What’s on the Farmer’s Plank?
This year’s presidential election is occurring during an important time in our country’s history: rising global food demand, spiking fuel and food prices, and the ever-present threat of development are putting more pressure on our producers and farm and ranch land than ever before. However, a fully implemented farm bill can help all of us enjoy a cleaner environment, while stemming the loss of farmland and locally grown food. Educate yourself on the farm, conservation, and food views of presidential hopefuls Sen. John McCain and Sen. Barack Obama through their Web sites, and call for the candidates to fulfill the farm bill’s promise!
ACRE: The Way It Was Meant to Be
A bipartisan group of farm-state Senators has joined American Farmland Trust and other major agriculture organizations in writing to the USDA with a strong admonition: “We are extremely concerned that the department seems intent on unilaterally making up a version of ACRE contradictory to what was clearly enacted in the farm bill’s statutory provisions.” AFT and the National Corn Growers Association worked to promote the Average Crop Revenue Program (ACRE), a new safety-net based on revenue (both price and yield) that will provide help to producers only when they are in need after suffering a loss beyond their control.
Working Together to Save the Bay
Maryland regulators recently announced more stringent controls on Eastern Shore poultry farmers to reduce nutrient runoff and pollution in the Chesapeake Bay. Congress had environmental issues like this in mind when they passed the conservation title in the 2008 Farm Bill, not only expanding funding for the Environmental Quality Incentives Program (EQIP), but also adding programs like Cooperative Conservation into the mix. AFT recently received a Conservation Innovation Grant through EQIP that will support the expansion of our work to create markets so that farmers can trade their nutrient reduction credits. Reducing nutrients provides a way for farmers to do their part to clean up this prominent and valuable waterway.
Don’t Rob Peter to Pay Paul
It seemed like the ink was hardly dry on the 2008 Farm Bill when the President proposed cutting key conservation, farmland preservation and other programs through the FY 2009 appropriations process. AFT and other conservation groups are calling on Congress to stick with the funding that was agreed upon just three months ago. “It would a terrible mistake to rob conservation, specialty crop and rural development programs to pay for the President’s priorities,” says Dennis Nuxoll, AFT’s Senior Director of Government Affairs.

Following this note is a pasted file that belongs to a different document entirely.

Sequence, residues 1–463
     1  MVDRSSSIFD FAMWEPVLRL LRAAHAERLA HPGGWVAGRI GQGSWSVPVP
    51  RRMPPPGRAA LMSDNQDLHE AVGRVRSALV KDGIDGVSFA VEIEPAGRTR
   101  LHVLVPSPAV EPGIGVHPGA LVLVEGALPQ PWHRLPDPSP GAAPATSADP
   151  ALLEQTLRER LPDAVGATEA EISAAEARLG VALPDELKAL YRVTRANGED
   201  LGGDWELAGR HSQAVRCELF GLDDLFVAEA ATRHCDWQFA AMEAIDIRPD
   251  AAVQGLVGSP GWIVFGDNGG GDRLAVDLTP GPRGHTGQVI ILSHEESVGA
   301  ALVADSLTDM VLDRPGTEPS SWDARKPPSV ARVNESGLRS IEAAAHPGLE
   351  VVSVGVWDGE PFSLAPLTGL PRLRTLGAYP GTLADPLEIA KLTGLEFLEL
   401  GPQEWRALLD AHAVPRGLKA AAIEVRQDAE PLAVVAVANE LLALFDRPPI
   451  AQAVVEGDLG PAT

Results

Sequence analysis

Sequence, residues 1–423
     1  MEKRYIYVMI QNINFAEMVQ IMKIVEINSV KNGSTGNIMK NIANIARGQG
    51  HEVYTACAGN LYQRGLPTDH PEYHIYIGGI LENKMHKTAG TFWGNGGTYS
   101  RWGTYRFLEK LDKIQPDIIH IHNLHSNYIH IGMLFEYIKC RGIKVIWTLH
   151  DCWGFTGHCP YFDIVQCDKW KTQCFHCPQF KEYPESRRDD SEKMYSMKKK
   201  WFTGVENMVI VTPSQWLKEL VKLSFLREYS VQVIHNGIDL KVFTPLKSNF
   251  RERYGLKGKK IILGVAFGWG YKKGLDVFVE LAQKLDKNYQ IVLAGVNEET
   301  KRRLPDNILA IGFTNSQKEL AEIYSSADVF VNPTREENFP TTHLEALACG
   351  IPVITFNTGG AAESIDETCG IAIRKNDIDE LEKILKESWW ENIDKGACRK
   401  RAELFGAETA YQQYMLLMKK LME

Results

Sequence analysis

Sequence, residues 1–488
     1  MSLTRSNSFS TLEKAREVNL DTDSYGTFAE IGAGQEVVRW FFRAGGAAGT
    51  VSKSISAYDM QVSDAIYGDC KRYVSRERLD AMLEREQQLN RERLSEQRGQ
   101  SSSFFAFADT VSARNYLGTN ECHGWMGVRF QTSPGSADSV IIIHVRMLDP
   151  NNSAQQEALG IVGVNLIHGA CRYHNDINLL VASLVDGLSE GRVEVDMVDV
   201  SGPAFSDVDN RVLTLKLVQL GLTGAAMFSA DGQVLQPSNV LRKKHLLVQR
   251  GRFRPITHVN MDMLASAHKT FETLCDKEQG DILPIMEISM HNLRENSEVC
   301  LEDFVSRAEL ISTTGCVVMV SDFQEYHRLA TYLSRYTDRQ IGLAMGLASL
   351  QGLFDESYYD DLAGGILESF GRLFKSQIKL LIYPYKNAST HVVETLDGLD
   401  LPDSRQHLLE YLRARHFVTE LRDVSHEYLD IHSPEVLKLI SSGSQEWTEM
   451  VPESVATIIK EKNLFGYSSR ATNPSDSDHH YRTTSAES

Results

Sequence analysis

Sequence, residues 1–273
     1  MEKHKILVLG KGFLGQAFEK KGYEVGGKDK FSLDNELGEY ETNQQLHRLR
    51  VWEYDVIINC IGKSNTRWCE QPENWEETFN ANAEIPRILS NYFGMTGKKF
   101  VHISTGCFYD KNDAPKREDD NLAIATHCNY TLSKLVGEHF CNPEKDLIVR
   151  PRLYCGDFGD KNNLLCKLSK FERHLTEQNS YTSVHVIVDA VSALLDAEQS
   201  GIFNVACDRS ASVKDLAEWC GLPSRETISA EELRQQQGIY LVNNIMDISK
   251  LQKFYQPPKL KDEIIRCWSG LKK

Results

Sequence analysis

Time for Renewables?
Just before heading home for its electoral recess, the Senate passed the Baucus-Grassley Amendment to H.R. 6049 to extend the renewable energy Production Tax Credit (PTC) and Investment Tax Credits (ITC). The PTC covers biofuels, wind and other renewable energy generation, while the ITC provides credits for many projects, including residential and commercial solar projects, plug-in hybrid vehicles, and energy-efficient homes and appliances.
A New York State Department of Environmental Protection official says developing the huge natural gas reserves in the Marcellus Shale formation that runs from New York through Pennsylvania, West Virginia, and beyond could generate billions in economic development for citizens and communities, but must not be done at the expense of the environment. Farmland preservation organizations are gathering information on leasing and drilling contracts and the effects on preserved farmland.
Farm Press editor Ron Smith writes about energy conservation, independence and the development of alternative energy: “Somewhere in the country, in a deserted physics, chemistry or engineering laboratory…an overworked and underpaid grad student is right now working on a system, a formula or a device that will revolutionize energy production. I wish him Godspeed. Please hurry, my tank’s almost empty.”